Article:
National Institiue for Health and Clinical Excellence

Annual Review - 2009/2010

Over 50,000 NICE online learning modules were completed this year

Making the most of NICE guidance

It is important for patients and the public that the guidance we produce is put into practice consistently and effectively. Our Implementation team supports the people and organisations whose responsibility it is to ensure NICE guidance is used.

Commissioning guides – one part of the team’s work – aim to help local commissioners provide the right level of service appropriate to the needs of people in their area. This year, all of NICE’s commissioning guides were converted into an electronic format so that they are now fully interactive and easy to use locally.

The team produced seven commissioning guides in 2010/11. Among these was ‘biologic drugs for the treatment of inflammatory disease in rheumatology, dermatology and gastroenterology’, which was produced in response to calls from commissioners.

Whenever guidance is produced, the team assesses the impact this is likely to have on practice and works with key partners who can support its implementation. It also develops a range of tools to support the use of guidance, which now features clinical case scenarios and podcasts.

Uptake has been encouraging. For example, more than one in five of those downloading the SeQuent Please medical technologies guidance also listened to the related podcast which addresses the major barriers to implementation.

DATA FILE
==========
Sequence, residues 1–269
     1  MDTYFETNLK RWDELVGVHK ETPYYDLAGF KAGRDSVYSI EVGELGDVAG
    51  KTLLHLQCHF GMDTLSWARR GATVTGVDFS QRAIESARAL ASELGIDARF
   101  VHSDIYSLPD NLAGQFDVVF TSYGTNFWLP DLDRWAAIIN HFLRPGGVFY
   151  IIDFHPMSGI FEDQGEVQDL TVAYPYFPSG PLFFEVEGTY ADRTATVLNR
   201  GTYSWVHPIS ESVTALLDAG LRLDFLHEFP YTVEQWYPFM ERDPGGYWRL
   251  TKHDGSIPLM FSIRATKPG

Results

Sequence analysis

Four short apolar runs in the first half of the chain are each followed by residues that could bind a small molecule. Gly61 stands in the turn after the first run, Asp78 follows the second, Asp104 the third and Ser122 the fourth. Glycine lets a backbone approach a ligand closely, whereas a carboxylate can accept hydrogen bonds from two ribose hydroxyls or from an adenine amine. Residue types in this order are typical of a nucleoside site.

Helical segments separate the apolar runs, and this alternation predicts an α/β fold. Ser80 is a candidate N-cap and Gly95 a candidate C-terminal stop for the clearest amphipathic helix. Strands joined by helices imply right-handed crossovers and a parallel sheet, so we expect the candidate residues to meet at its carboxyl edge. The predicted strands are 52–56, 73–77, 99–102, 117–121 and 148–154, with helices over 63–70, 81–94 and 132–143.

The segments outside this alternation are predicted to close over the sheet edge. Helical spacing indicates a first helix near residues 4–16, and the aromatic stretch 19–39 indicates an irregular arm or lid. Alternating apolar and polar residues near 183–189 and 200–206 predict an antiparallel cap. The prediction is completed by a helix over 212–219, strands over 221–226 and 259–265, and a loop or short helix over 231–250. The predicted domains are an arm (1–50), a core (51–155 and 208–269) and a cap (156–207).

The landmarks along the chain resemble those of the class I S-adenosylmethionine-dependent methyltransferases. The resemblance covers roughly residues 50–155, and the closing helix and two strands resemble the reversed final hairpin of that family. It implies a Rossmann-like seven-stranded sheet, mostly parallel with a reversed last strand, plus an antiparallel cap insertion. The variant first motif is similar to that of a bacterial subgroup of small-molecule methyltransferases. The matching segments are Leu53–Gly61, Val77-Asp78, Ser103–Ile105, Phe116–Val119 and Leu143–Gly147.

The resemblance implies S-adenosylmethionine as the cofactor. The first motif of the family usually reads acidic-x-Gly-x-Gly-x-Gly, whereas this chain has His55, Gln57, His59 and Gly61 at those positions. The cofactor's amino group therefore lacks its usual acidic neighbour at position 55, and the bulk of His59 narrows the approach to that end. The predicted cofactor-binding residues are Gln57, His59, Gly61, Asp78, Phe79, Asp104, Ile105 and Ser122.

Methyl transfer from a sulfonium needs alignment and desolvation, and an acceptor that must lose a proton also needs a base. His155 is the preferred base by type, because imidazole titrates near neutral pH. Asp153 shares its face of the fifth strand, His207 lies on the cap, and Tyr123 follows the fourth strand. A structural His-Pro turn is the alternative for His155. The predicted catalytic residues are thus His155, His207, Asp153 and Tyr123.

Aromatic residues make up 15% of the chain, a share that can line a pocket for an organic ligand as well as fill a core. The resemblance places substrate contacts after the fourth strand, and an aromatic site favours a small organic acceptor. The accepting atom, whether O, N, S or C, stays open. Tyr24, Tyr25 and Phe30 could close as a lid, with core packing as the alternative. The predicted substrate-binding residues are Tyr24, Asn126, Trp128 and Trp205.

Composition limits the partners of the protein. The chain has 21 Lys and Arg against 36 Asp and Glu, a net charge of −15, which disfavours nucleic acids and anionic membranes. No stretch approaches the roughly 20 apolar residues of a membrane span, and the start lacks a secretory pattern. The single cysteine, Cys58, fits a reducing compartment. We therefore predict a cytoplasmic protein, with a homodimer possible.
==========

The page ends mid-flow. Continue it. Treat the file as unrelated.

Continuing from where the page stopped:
Our team of seven implementation consultants act as the local face of NICE. As well as helping people get the most out of NICE guidance and support, the team provides valuable feedback on how we can make NICE guidance even easier for people to work with. In 2010/11, the team made 952 visits, of which 730 were to primary care trusts and NHS trusts, 159 to local councils and 63 to networks and other organisations.

We also encourage good practice and promote creative ways in which NICE guidance has been employed. The NICE shared learning database is a platform for organisations to reveal the innovative ways they have overcome problems in implementing our guidance.
 

NICE ways of learning

NICE launched online learning modules aimed at helping healthcare professionals improve their knowledge of key clinical areas in 2005.

Over 50,000 of these modules were completed by users this year, in subjects ranging from tuberculosis to attention deficit hyperactivity disorder.

NICE’s first collaborative online learning module with Nursing Times was launched in March 2011. Dealing with the inpatient management of diabetic foot problems, the module has become a popular addition to NICE’s education programme.

In 2010, the team launched a programme aimed at increasing the understanding of NICE’s activities, the principles behind developing evidence-based guidance, and the benefits of using NHS Evidence in undergraduate education. With support from NICE Implementation Consultants, the majority of medical and pharmacy schools across England and Wales have now been visited.

But the learning is not all online. A package has been developed, in collaboration with the University of Leeds, to help midwives, health visitors and social workers enhance their skills in raising sensitive issues with pregnant women.

User feedback on the NICE/BMJ Learning Module for metastatic malignant disease of unknown primary origin:

"Very interesting module. It was something I knew very little about and it has not only increased my awareness, but also helped me develop strategies to manage and counsel patients in this situation."

"Excellent review of a difficult subject."